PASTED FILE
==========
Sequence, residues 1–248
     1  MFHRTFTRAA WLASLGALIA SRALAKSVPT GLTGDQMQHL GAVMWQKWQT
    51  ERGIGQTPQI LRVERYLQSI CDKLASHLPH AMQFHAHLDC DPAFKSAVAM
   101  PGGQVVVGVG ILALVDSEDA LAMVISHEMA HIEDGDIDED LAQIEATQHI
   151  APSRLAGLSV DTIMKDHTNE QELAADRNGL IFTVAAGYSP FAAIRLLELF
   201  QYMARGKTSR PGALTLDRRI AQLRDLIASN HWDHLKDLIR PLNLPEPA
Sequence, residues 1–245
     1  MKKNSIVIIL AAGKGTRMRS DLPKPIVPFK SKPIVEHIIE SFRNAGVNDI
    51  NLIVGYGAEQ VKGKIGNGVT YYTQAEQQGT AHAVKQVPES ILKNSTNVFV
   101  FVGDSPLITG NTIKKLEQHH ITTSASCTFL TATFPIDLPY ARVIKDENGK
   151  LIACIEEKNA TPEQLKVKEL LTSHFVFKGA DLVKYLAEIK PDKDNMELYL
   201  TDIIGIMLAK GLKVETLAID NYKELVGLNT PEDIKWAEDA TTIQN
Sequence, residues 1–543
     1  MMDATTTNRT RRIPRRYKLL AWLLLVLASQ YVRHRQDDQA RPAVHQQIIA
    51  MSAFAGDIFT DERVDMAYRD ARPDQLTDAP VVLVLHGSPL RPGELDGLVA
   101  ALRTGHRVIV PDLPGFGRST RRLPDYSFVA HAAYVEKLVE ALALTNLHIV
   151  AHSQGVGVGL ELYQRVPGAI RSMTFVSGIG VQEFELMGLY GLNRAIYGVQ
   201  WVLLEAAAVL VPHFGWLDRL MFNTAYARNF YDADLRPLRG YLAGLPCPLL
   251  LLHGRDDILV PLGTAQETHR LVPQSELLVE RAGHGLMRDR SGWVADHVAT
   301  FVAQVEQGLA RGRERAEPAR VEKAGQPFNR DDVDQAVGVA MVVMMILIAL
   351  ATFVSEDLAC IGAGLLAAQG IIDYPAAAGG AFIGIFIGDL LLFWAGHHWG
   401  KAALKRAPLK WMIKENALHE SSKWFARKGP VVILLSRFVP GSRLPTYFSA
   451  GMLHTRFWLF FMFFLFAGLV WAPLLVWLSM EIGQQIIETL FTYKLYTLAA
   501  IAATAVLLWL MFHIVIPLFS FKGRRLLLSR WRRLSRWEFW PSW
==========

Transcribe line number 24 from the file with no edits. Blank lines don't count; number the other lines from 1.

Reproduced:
   501  IAATAVLLWL MFHIVIPLFS FKGRRLLLSR WRRLSRWEFW PSW